How New Versions of Android Work

I see a lot of confusion, and to be honest ridicule, from iOS Developers when it comes to new Android versions. In iOS when Apple release v8, all the supported devices get it on day 1. In most cases this is great for developers, because sales go up thanks to people looking for apps that support all the new whiz-bang features.

Android is different. When version 5.0 of Android comes out, it’s the AOSP (Android Open Source Project) version, that manufacturers use as a base for building their own custom versions of it. HTC, Samsung, LG, Motorola et al need to add their own drivers & firmware as well as supporting all the various functions they’ve built on top of Android. Google is always the first to ship a version of it, for its Nexus Devices. This is why I recommend all developers buy Nexus phones for testing. You’ll get the new releases first, and sometimes pre-release builds as well.

The above is why you look silly when you poke fun at Android adoption numbers. For the majority of phones, big new versions of Android ship roughly 3 months after the AOSP release. Here for example are the numbers from early January:

Screen Shot 2015-01-31 at 10.25.14 am

People are often quick to mis-interpret these numbers. “iOS 8 adoption is at 64%, but Android 4.4, a version that’s years old isn’t even at that!”. There’s two things wrong with these kinds of comments. Firstly there are roughly 6-8x more Android devices than iOS devices in the world, depending on which market share numbers you use. This means that if a version of Android achieves 39% adoption, that’s a huge deal, and you could develop just for that platform and address a larger user base than targeting iOS 8 with its 64%. Secondly people confuse overall numbers, with actual numbers of people who buy apps. Here for example are the version breakdowns of people who buy Pocket Casts on Android:

PC_Numbers

So while Android 5.0 has less than 1% adoption in the overall Android eco-system, 23% of our customers already run it. This makes sense when you put a bit of thought into these numbers. People that have the money to buy apps, and are passionate about Android, have up to date phones. While some users who run Android 2.3 on their 5 year old phone might be perfectly happy, they probably weren’t ever going to buy Pocket Casts. It’s also worth noting that Pocket Casts sells in much larger volumes (and makes more revenue) than any numbers I’ve seen for an equivalent iOS app. We’ve slowly moved our minimum version from 2.3, to 4.0, to 4.1 and it hasn’t hurt sales at all.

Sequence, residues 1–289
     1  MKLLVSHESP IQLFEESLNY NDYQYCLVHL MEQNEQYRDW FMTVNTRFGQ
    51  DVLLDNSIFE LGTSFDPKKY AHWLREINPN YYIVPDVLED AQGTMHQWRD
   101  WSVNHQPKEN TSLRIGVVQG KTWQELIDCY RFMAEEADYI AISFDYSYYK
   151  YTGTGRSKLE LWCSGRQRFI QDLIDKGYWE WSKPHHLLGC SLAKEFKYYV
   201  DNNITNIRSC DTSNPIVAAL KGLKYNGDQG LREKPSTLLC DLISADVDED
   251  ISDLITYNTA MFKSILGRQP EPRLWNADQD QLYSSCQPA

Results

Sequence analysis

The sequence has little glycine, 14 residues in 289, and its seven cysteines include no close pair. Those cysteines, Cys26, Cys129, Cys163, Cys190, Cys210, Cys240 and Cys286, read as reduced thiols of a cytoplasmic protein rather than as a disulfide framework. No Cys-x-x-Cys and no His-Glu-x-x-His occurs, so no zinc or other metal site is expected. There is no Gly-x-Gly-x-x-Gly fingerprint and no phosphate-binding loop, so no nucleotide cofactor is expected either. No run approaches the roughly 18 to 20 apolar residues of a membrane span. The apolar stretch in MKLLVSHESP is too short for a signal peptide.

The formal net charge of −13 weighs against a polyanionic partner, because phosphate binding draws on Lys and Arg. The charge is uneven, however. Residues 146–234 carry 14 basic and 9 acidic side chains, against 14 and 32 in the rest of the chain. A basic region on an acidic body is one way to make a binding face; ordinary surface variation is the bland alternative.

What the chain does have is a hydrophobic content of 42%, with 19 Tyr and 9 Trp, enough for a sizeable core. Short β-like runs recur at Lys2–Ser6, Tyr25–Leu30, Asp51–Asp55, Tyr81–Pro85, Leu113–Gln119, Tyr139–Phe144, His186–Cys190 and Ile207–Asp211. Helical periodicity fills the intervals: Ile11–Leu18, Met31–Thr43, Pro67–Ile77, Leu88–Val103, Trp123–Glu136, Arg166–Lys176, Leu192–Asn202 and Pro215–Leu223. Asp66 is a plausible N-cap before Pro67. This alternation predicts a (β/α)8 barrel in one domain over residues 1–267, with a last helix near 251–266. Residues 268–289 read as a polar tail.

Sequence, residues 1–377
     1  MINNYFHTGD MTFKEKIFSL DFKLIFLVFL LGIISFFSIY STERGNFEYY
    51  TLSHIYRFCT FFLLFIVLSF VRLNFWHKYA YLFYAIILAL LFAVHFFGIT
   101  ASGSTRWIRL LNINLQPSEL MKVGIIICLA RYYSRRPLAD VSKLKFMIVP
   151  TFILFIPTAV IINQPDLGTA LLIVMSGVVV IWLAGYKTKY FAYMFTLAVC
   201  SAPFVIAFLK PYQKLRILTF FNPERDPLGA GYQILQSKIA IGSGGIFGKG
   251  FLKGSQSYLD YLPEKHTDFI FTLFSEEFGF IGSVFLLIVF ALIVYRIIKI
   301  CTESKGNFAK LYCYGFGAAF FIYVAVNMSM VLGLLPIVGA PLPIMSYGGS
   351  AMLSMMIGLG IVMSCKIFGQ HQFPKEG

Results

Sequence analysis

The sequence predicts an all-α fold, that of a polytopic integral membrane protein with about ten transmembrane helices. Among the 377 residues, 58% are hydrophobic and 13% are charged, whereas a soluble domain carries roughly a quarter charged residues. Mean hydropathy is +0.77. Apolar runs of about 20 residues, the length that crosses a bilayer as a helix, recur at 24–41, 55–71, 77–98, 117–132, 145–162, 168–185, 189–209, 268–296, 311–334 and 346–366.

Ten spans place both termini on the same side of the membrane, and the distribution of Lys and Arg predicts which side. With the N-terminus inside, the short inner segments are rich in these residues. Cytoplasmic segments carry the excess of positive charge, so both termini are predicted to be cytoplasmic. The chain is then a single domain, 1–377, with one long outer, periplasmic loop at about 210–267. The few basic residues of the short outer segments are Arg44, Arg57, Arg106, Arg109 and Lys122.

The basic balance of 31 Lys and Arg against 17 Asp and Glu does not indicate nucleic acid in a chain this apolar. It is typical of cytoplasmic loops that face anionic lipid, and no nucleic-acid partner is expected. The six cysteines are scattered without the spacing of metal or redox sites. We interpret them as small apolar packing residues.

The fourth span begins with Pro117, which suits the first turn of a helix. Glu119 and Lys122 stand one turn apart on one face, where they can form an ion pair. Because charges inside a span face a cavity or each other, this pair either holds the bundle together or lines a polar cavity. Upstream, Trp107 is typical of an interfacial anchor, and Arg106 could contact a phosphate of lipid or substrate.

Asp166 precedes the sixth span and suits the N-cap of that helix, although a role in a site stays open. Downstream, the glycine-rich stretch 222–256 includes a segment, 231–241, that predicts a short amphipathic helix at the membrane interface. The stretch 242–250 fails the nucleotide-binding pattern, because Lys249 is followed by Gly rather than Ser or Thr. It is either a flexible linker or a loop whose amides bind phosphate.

My last point is one very few iOS Developers actually know about. In iOS if your users want to take an advantage of a feature in iOS 8, they have to have iOS 8 installed. In Android this isn’t always the case. Google bundles features into two libraries: ‘Support’ and ‘Google Play Services’. Google Play Services is updated through the store, so it’s not tied to the version of the OS you have installed. The Support library is shipped by app developers inside their apps, and is updated regularly by Google. When a new version of Android ships, you’ll often find a lot of the new APIs appear in one of these two libraries, and not the core of Android itself. This isn’t the case for every API, but more often than not you can give your users on older platforms access to newer features, without waiting for them to update. Even when newer features can’t be brought to older versions, Google will often place ‘compatibility APIs’ into the Support library, so you don’t have to litter your app with runtime checks of which version you’re running on. It’s not a silver bullet, but backwards compatibility is far less of a headache on Android than it is on iOS.

TL;DR:

  • There is no ‘day’ a major new version of Android comes out. Each set of phones have their own launch day. Nexus devices, then Motorola/LG devices, then HTC and Samsung devices. So it’s only useful to think about adoption numbers for a new version of Android after the last of those manufacturers ships their updates.
  • Overall Android adoption numbers should be ignored by most developers, look up the ones for the category you plan to launch in. They are available in the Google Play Developer Console.
  • Ongoing revenue on Android tends to be a lot higher and steadier than iOS, and you don’t get spikes caused by new Android versions being released.
  • If you’re making a new app, targeting Android 4.1 and above will get you the most users. Targeting 5.0 only is probably not wise as of today, but will be in a few months time. 4.4 is also a perfectly acceptable minimum for an app you plan to release regular updates for.

Getting Started With Android Development

You’d be surprised by how many iOS developers contact me, often privately, about the ‘best’ way to get started in Android development. As I often tell them, there probably is no best way, but here’s what I’d do if I were starting out today:

  1. Download Android Studio. It’s a smaller initial download than Xcode, but it will download more things when you run it, so have lots of Internet Tubes handy.